Stories from exile is a writer's collaborative, bringing you stories written by outsiders in christianity, politics and culture.


edited and curated by

nish weiseth

Tuning In to Racism and White Privilege

I drive slow, scanning street signs. Half of these streets are one-way and I swear there’s a traffic light every 25 feet so I circle the same block twice before I see the writing on the window.  

That unmistakable sense of nervous awkwardness is building in my gut. But it is what it is. I’m not too proud.

It smells like church. Green chairs, old carpet, long tables. A few sparse pictures on the wall.

A young African American woman and her son are waiting ahead of me. “Be with you in a minute”, an older white lady says to them.  I stand uncomfortably and wait while the young mother is given a set of forms to fill out.

The old woman looks up at me, curious. “Can I help you?”

“I need a set of those forms, too”, I say.

I wonder, did she think I was here for some other reason? A volunteer, maybe?

Is this white privilege?

The old woman takes the young mother to a back office and starts putting her in the system. I sit down at a long table and start filling out names, ages, etc. Another black woman comes in while I’m scribbling and sits down across from me.

“Be with you in a minute”, the old woman calls from the back.

“Do they have good stuff here?” I ask the new girl. “I don’t know”, she shrugs.

“There are a bunch of places like this here”, I say. I’m from an hour out of town and there’s hardly anything over there.”

“There’s a lot of places but they only help you just barely get by. They don’t help you rise up. That’s just my opinion, anyway,” she says.

The young girl and her son are finished now and the old lady invites me back to the office. “Would you like to get her started on her paperwork first?” I ask, nodding towards my tablemate.

“Oh. Yes, of course.”

Is this white privilege?

I sit on the other side of an old desk and hand her my paperwork. She asks me standard questions and I answer politely.

Another black woman enters the waiting area behind me and is greeted with a “Be with you in a minute”.

I tell the volunteer that we just moved here this summer for my husband to go back to school. She lights up when she realizes I’m married. “That’s wonderful!” she says. Suddenly she’s interested in where I’m from, what my husband is studying, where my kids go to school. “I just love when I get to help families”, she confides.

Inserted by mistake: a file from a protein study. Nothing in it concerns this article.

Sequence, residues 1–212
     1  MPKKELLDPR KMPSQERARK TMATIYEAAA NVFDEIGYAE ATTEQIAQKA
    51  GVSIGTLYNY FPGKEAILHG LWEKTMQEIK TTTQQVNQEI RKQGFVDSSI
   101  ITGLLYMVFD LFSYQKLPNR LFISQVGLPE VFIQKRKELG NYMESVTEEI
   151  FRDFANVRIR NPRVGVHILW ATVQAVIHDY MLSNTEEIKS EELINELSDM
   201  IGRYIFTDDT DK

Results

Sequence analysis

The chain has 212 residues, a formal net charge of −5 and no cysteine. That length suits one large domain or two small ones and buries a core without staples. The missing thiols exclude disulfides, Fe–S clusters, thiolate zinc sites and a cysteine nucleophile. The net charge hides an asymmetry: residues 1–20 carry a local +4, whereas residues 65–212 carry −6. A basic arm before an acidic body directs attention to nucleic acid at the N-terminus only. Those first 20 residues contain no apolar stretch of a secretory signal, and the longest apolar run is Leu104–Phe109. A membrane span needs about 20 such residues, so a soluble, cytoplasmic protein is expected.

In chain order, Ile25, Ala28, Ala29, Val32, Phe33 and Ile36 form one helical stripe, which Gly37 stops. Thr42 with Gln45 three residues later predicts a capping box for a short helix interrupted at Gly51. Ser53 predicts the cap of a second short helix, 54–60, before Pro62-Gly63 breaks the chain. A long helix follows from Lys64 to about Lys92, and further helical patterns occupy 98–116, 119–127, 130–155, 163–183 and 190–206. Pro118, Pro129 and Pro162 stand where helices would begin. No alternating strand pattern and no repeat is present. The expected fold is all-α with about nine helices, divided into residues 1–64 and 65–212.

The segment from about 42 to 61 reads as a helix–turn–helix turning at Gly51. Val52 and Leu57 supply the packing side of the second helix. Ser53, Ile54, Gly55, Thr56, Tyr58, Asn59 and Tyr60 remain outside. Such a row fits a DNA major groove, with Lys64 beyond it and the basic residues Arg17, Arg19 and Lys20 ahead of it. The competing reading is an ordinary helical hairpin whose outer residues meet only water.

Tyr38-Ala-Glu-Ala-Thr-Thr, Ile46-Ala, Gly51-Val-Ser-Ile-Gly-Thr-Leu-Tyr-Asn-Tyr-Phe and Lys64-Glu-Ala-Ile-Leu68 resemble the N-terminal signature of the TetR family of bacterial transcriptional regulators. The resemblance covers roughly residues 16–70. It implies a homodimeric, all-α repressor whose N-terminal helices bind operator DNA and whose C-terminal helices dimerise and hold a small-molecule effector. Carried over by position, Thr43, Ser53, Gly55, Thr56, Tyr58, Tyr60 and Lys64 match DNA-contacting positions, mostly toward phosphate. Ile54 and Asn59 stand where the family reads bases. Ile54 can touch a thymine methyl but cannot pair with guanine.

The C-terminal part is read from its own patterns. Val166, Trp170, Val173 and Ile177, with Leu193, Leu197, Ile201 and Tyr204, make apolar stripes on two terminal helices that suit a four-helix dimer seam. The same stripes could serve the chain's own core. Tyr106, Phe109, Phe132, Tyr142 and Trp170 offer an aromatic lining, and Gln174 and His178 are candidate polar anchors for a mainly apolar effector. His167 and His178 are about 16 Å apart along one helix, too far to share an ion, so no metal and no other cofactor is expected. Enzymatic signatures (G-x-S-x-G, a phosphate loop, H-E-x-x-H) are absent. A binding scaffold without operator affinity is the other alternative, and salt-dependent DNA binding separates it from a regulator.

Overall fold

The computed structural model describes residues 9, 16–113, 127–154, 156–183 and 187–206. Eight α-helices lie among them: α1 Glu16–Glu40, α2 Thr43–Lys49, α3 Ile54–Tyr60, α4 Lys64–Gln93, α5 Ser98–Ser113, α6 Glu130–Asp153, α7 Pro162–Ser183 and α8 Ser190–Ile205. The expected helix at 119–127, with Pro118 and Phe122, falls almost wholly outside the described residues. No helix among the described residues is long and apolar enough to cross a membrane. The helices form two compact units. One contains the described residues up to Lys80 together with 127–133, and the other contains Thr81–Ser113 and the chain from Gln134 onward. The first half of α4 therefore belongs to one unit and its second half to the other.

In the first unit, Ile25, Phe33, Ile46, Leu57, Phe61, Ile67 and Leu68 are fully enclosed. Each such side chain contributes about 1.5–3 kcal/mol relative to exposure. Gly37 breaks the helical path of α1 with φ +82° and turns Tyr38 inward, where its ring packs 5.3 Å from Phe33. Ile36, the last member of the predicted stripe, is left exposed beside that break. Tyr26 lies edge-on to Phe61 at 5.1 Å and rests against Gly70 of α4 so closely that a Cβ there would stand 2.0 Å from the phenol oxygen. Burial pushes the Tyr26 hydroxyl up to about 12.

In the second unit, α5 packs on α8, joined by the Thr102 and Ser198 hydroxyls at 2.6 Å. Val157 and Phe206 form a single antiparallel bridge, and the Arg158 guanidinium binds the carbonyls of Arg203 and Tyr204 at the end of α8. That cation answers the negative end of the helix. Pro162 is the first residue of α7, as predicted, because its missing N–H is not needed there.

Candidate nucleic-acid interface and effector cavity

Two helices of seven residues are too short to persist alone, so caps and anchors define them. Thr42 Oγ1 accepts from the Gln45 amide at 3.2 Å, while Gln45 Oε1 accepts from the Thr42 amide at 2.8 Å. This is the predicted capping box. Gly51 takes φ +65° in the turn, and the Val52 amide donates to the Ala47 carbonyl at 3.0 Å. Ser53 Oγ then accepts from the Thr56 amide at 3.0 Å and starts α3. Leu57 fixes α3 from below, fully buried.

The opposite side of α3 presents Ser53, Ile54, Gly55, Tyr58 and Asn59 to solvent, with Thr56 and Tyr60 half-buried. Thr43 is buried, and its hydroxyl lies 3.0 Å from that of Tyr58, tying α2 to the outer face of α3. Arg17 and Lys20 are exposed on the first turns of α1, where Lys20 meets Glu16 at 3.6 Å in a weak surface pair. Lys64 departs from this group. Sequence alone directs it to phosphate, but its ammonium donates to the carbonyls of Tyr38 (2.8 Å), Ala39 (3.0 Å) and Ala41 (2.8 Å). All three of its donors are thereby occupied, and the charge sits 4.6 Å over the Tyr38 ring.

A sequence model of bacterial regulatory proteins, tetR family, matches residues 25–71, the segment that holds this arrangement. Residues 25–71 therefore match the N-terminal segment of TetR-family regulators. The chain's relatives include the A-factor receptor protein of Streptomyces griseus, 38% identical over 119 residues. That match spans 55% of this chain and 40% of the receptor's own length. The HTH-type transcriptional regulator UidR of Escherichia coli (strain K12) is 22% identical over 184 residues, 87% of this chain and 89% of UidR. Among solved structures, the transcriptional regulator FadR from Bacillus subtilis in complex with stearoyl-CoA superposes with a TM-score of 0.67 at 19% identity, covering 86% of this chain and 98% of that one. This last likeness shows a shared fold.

More black women trickle into the waiting area and their conversations begin to spill into the office where we’re sitting. “Be with you in a minute”, she calls over my shoulder again.

She looks back at me with a glint in her eye, “I want to get you something”. She leaves and comes back with a couple of stapled papers. “These are other places in town where you can go. This one is open on Tuesdays I know, and this one has more fresh things…”, she gives me a quick run-down of the list. She didn’t give the young mom and her son this extra list.

Is this white privilege?

I thank the old woman and head to my car with 6 paper sacks of free food.  


The whole way home I think about the difference between “Can I help you?” and “Be with you in a minute”. The difference between getting by and rising up.


My entire life I would’ve told you that I’m not racist.

It’s only been in recent years that I’ve had to get honest with myself and admit that growing up in the deep south has without a doubt planted seeds of racism in my social make up. I have barely begun to scratch the surface and untangle the complex nature of my white privilege.

The black lives matter movement has gotten under my pale, white skin and stretched me, made me acknowledge that I cannot in any way relate to what it is to be black in America.

But I’m paying attention. I’m tuning in to the micro-aggressions.  I’m making small talk across the table.

Just Putting This OUT There.

To Pee In Peace